Driving Down Oman’s Coast

The next two legs of our Oman trip, organized by Timeless Tours, generally followed the coast south of Muscat to the beach at the town of Ra’s Al Hadd. Although only 220 kilometers from Muscat, we spent most of the day driving south, generally paralleling the coast, but through mountains, many, many barren, rock-faced mountains, visiting many sights along the way. These stops included:

  • Wadi Daygah Dam, which has been built into a lovely (and of course, perfectly manicured) park in which families can just hang out, as well as enjoy the view. The dam, however, is for more than aesthetics. It also protects a totally rebuilt Omani village from flooding and provides a steady source of water for the date palms on which many villagers depend for their livelihoods;

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  • Bimah Sinkhole, a hole created by seawater seeping in and degrading underground limestone to the extent that the surface collapsed. This exposed a giant hole partially filled with seawater. The government turned this natural phenomenon into a popular recreational site by smoothing the bottom and building a concrete staircase down to the saltwater pool;

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  • Fins Beach, a popular stone beach (no fine white sand here), that leds to the so-called White Sea, so known for its particularly clean water. The beach, another popular recreation site, is also the site of some very nice vacation homes.

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  • Wadi Shab Wadi Tiwi. Wadis are riverbeds that, during rainy season, can be raging torrents as water rushes down from the mountains. During dry season, however, these riverbeds can turn into shallow, gently flowing streams or bone dry valleys. We went past the packed entry to Wadi Shab (in which water carved out and now flows through a cave) and into its next door neighbor, Wadi Tiwi. This stream, which is lined with grasses, palms and other vegetation, leads to tall cliff faces that soar hundreds of feet straight up from the valley floor. The Wadi is lovely, and, like its neighbor, attracts many families for walking, hiking, swimming and picnicking. The road to Wadi Tiwi also passes a small town, Al-ons Village, that has the remnants of a groups of stone huts that were abandoned when the government built new homes for their residents.

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  • Industrial facilities. The coast, while mostly open, except for a smattering of homes,villages and cities (such as Sur, also has some of the country’s few large scale industrial facilities. These include the country’s largest LNG (Liquid Natural Gas) plant and one of its few desalinization plants. (Oman, unlike UAE, has enough groundwater as to greatly limit the need for expensive desalinization.)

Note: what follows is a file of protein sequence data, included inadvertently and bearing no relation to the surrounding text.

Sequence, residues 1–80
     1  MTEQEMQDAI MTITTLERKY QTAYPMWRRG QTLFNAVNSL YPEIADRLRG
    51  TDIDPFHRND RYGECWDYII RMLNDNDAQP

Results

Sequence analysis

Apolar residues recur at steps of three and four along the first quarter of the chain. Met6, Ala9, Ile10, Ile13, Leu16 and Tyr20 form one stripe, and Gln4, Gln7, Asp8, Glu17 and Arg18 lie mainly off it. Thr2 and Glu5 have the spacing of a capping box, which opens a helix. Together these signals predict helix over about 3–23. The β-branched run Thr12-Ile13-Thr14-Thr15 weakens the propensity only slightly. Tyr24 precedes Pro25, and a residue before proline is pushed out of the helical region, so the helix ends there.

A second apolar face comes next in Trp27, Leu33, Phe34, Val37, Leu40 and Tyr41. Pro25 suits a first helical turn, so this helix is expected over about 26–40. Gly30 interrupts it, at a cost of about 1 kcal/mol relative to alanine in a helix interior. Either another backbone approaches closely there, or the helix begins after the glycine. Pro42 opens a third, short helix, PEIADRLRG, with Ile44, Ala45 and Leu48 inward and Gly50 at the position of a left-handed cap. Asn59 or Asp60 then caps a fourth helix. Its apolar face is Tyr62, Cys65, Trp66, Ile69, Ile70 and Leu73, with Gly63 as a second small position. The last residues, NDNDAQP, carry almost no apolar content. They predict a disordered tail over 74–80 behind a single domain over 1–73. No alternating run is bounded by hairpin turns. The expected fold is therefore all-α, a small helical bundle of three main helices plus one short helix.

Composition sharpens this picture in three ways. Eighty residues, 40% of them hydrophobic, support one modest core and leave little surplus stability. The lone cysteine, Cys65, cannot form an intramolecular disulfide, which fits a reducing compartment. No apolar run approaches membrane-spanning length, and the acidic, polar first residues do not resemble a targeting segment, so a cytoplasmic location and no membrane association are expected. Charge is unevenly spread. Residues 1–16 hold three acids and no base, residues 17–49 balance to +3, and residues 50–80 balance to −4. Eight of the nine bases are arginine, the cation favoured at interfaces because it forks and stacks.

• Sur Dhow Yards, a recently built city of 500,000 that consists of many expensive villas and a number of sheik palaces, including, atop a hill, the palace of the most powerful sheikh in the area. The city is also home to one of the country’s most ancient and most utilitarian of industries: the craft of designing and building traditional dhow fishing boats by hand. We saw a few boats that were in the process of being built, from a small fishing boat to a roughly $500,000 luxury cruiser being built for the Sultan of Qatar. The yard, which is more than 200 years old (and owned by the same family) was littered with wood in all types of preparedness (from logs to finished timber). It also has a small museum with models of ships they have built in the past. The city, in commemoration of its dhow-building history, also has a small outdoor museum which provides examples of the many different types of ships that have been built in the area, from small ferries and fishing dhows to a large "Al Ghanjah" ships that were designed and used for intercontinental naval and trading activity through the mid-20th century.

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Sur was also home of the day’s lunch stop, the Sir Beach Restaurant. And since this city is famous for its fresh seafood, we had to try some. Unfortunately, even with the help of our guide, we were unable to get explanations of what type of fish we ordered. We think we had Kingfish Manchurian (in a light, Chinese-style sauce, with soy and sesame sauces, green peppers and onions) with rice and Dragon Prawns (a light chili sauce with shredded cabbage and carrots) with naan. While the food was pretty good, it was not memorable. We also had a couple more fruit smoothies (remember, no alcohol outside of tourist hotels). While we love the mango flavor, we are less fond of avocado.

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